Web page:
Wednesday, 4 April 2012
Para was Greek for beside. So lines that are parallel were para allelois or beside each other and those who are paranoid were para nous or, literally, beside their minds. Therefore, if you made a little mark in the margin of a Greek text to indicate a break or a new section this was written beside the text and was a para-graph.
Paragraph can, and has, been shortened and corrupted in all sorts of ways. John Florio's 1598 Worlde of Wordes has:
Paragrafo, a paragraffe, a paraffe, a pilcrow, whatsoever is contained in one sentence.
Pilcrow is still the standard term for the paragraph mark ¶ that you can sometimes see. But paraph has retained much more of the original meaning. You see a paraph is the technical name for the long flourishing extravagant line with which so many people end their signatures. Take, for example, Benjamin Franklin's signature:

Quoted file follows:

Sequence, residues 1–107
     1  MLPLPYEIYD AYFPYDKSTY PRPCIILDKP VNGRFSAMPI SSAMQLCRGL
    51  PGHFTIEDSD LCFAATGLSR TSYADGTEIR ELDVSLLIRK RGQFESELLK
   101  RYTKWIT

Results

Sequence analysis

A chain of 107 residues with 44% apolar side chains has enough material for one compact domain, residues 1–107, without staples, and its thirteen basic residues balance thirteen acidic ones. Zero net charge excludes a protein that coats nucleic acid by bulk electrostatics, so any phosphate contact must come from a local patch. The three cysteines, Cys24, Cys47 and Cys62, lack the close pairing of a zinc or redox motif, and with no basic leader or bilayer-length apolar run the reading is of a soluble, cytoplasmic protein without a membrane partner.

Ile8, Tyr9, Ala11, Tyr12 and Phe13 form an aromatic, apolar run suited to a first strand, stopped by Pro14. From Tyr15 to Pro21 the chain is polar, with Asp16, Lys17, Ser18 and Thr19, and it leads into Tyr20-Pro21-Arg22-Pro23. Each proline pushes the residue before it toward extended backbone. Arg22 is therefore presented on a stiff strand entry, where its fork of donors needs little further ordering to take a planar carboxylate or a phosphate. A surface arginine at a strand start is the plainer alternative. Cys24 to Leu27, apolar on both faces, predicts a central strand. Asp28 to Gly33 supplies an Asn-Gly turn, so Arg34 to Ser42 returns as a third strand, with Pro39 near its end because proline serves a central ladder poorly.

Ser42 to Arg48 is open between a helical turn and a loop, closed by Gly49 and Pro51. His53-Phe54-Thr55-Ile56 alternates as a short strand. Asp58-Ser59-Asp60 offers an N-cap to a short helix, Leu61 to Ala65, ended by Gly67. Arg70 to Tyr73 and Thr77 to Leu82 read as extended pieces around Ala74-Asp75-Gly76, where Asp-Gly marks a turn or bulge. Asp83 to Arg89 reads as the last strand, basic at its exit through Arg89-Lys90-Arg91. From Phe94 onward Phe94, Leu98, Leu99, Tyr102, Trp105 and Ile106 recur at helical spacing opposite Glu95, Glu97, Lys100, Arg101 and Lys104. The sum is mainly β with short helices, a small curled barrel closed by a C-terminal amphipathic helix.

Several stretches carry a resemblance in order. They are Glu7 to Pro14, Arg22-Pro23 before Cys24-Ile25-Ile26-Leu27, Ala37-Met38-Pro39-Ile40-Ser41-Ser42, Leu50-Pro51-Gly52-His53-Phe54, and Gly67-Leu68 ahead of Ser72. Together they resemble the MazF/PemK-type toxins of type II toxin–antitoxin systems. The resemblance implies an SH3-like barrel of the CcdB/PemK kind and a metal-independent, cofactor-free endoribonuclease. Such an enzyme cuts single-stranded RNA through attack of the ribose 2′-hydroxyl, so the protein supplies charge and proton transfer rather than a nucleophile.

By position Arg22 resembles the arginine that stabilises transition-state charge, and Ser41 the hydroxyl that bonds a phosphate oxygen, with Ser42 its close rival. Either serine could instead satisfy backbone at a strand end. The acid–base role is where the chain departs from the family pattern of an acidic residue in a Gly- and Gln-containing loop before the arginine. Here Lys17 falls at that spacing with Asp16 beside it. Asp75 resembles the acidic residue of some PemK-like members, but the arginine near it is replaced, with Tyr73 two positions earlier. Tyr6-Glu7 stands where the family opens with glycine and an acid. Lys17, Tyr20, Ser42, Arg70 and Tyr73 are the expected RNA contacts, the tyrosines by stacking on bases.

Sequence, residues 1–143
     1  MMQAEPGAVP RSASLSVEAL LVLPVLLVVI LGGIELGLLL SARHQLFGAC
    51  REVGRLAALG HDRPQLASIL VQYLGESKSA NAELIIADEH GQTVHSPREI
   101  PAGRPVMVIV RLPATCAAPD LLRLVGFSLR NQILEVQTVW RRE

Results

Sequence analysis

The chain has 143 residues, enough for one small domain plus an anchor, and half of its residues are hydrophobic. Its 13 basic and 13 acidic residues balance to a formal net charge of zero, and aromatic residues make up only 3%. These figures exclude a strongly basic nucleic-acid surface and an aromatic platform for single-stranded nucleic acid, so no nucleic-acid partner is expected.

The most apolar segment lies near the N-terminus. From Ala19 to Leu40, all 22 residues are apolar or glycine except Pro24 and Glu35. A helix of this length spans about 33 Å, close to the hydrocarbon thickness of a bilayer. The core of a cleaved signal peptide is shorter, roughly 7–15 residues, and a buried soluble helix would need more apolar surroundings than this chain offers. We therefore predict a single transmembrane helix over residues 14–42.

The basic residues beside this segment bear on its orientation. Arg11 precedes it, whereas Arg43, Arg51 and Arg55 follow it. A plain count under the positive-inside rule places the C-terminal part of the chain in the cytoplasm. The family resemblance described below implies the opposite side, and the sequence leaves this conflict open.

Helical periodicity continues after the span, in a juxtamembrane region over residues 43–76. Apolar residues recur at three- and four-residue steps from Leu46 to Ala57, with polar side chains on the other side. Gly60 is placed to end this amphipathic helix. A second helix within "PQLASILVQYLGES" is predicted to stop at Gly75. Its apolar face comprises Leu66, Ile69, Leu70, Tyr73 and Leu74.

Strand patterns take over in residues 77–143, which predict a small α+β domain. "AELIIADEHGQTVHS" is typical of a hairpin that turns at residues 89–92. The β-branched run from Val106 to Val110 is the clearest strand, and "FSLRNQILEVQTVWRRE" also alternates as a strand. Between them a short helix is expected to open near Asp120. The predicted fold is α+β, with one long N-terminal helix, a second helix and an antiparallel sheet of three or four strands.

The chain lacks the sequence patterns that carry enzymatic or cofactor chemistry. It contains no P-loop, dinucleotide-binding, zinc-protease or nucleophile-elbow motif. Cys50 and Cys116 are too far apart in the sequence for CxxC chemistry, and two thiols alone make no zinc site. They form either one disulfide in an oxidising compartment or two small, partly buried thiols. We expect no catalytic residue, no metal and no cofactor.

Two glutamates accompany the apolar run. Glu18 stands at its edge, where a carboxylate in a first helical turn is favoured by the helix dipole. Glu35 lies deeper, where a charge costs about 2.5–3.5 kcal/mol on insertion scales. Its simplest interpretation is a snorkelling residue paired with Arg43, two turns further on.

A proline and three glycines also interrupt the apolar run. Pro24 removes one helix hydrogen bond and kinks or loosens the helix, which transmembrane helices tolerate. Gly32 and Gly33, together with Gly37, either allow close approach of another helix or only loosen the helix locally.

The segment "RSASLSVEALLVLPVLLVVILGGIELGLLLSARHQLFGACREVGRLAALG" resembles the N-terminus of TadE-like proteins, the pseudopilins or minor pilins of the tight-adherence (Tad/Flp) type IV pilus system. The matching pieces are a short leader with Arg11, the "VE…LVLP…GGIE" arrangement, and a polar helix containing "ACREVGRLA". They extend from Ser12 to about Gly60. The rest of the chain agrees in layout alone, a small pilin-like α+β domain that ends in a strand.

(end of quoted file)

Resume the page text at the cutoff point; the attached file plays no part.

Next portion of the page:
Now that is a paraph and a half.
Speaking of a paraph-and-a-halfs, an academic fellow once told me that the best way to spot the weak point in a long essay is to flick through and find the longest paragraph, because that will always be where the writer was most confused. It's a rather good trick, and saves actually reading things.